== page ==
But the family is short of male heirs, there are only three people left to succeed the current monarch: the 85-year-old uncle of Emperor Naruhito; the Emperor’s 55-year-old brother Akishino, Princess Mako’s father; and the Emperor’s 15-year-old nephew, Princess Mako’s younger brother and the only family member of his generation eligible to serve as Emperor. (In contrast, the British royal family has more than 20 people lined up on the throne, many of them women and none – yet – in their 80s.)

The possibility that the political establishment will have to bow to popular opinion or demographic reality means that the public feels entitled to weigh in on the choice of Princess Mako’s husband, should she be reinstated in the imperial family. .

“As we don’t yet know whether female family members might be allowed to lead a line of succession or ascend to the throne, people care so much about her marriage,” said Hideya Kawanishi, associate professor of modern history. and expert. on the Imperial System of Japan at Nagoya University.

The public found Mr. Komuro unfit mainly because of suspicion about his family. Her mother was widowed when her father died and was subsequently embroiled in a relationship with a man who later accused her of failing to repay the $ 36,000 debt. Mr Komuro and his mother say they thought the money was a gift, but after the public outcry Prince Akishino asked Mr Komuro to explain the situation. He delivered a 28-page document earlier this year detailing the financial arrangement and how it would be resolved.

At Tuesday’s press conference, Mr Komuro addressed the controversy directly, explaining that his mother suffered from mental illness and that he had offered a settlement to her ex-boyfriend.

The whole setback left a lingering mistrust of his family in the public mind. In Japan, “marriage is always a marriage between families,” said Michiko Ueda, associate professor of political science at Waseda University in Tokyo.

The rumors have metastasized and now question Mr. Komuro’s character. Critics on social media have called him a gold digger or a con artist. The media suggested that a biography, posted on the website of Lowenstein Sandler, the law firm where he works in New York, listed the fabricated awards. A spokesperson for Fordham Law School confirmed that Mr Komuro actually won the awards he listed.

Royal watchers say Mr Komuro does not live up to the traditional expectations of Japanese men and his treatment reflects distrust of the outside world.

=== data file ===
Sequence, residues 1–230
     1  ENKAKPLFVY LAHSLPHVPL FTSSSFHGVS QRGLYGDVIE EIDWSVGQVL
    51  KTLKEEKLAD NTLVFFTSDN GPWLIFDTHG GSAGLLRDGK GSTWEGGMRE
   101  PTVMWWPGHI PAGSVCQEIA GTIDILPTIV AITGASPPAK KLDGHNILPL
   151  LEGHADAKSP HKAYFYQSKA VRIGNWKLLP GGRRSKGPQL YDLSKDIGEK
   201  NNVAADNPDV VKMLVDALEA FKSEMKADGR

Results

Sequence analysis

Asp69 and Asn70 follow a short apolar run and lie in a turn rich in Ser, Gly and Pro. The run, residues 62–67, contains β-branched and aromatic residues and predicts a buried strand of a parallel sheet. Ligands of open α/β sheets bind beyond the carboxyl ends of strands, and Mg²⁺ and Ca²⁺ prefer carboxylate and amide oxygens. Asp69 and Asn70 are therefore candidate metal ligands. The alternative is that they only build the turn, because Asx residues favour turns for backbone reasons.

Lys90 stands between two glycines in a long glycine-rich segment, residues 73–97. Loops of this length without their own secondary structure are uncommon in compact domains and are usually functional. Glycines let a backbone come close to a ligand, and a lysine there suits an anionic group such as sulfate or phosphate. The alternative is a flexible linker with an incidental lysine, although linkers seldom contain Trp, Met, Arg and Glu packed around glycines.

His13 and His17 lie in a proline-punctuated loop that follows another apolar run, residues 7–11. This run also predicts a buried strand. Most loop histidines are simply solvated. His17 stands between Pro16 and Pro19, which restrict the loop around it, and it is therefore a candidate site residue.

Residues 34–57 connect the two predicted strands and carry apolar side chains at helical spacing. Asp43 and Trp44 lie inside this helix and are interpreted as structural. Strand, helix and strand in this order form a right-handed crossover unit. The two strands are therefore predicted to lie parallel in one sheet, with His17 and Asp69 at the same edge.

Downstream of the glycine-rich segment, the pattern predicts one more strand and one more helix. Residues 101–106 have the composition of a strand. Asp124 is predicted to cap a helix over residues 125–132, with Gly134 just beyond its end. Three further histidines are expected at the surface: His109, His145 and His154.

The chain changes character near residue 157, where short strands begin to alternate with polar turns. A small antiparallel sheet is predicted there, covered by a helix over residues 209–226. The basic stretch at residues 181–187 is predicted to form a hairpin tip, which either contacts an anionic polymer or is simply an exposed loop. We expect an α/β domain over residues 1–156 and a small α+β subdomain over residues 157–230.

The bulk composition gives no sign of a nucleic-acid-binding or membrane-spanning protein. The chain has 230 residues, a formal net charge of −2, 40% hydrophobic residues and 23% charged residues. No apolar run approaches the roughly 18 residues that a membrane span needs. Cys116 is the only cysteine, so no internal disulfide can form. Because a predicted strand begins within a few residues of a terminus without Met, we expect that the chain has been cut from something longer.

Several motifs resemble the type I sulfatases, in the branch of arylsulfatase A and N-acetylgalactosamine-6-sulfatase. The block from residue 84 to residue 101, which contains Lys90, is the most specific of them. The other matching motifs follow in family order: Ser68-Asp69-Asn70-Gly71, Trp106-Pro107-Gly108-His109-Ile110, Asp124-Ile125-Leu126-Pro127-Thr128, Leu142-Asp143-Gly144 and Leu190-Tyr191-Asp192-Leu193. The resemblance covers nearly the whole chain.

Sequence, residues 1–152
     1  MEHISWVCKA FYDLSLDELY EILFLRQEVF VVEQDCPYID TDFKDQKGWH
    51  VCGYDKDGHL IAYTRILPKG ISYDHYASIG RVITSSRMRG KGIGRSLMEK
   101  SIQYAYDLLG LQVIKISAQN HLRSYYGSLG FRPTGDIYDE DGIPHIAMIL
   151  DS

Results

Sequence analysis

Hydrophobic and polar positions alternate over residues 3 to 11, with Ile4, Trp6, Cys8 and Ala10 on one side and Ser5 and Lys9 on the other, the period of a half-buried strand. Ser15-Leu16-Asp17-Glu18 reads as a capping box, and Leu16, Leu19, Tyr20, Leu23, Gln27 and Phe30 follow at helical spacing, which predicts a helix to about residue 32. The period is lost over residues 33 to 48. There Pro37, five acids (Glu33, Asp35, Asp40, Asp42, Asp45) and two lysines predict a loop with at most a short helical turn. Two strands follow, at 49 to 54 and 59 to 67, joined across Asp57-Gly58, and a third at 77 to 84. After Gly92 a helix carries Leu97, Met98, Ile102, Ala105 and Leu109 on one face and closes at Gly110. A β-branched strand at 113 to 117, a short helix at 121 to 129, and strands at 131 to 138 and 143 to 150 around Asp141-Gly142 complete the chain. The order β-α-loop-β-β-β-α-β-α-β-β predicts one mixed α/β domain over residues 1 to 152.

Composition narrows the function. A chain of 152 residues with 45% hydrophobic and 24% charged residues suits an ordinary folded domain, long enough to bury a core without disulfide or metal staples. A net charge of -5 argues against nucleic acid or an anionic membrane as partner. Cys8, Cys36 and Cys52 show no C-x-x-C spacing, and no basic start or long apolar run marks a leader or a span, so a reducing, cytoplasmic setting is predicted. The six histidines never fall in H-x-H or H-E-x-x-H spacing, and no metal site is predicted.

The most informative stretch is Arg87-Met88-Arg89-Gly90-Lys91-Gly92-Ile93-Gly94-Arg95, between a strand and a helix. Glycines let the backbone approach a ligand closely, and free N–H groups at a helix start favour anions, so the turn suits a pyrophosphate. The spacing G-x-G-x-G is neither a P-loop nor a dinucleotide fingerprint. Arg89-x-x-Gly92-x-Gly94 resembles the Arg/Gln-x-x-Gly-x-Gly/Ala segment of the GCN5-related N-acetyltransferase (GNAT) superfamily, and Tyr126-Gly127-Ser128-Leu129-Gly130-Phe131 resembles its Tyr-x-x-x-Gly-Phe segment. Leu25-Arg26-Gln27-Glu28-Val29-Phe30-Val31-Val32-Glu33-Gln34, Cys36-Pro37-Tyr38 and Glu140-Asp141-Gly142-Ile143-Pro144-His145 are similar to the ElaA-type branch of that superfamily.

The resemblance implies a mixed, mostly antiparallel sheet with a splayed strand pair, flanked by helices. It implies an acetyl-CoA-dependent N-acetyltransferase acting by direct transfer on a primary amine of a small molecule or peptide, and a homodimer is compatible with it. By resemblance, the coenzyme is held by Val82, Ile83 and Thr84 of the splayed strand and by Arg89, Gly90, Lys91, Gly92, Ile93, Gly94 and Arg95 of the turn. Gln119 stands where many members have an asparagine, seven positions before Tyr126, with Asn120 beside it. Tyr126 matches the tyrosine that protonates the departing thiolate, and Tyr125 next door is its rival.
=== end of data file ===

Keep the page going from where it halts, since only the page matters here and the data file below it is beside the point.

“This is partly due to the fact that Mr. Komuro was not very submissive to Japanese values ​​because he went to an international school, speaks fluent English and left a Japanese bank,” Kumiko Nemoto said. , professor of sociology at Kyoto University of Foreign Studies.

“In Japanese society, people like to see people sacrifice a part of themselves for the society, the group and the family,” Ms. Nemoto added. Mr. Komuro, she said, is more “individualistic, trying to prove himself by doing something professionally.”

Now that they are married, the princess, who will be called Mako Komuro, could move to New York to join her husband. She turned down a royal dowry worth around $ 1.4 million, so the couple will have to live off Mr Komuro’s salary first.

The Princess holds an MA in Art Museum and Gallery Studies from the University of Leicester in Britain and has worked in a museum in Tokyo for more than five years, so perhaps she could find a employment in the art world in New York.

Perhaps it was the couple’s decision to carve out a life outside of Japan that sparked the most vehemence from the public. Even though she has to leave the family, the princess is expected to abide by traditional notions of duty.

“The Imperial Family was once considered gods, beautiful and inaccessible, but that’s no longer the case,” said Hanako Onodera, 59, as he strolled with two friends in the gardens of the Imperial Palace last week.

“Perhaps this generation now dares to express itself more and demand what it wants more than the previous generation,” she added. “They don’t feel as much pressure to put the country’s needs ahead of their own. “

In response to a question from a reporter on Tuesday afternoon, the new Ms Komuro said she had no plans to give media interviews and hoped “just to lead a peaceful life in my new one. environment”.

Hikari Hida contributed reporting.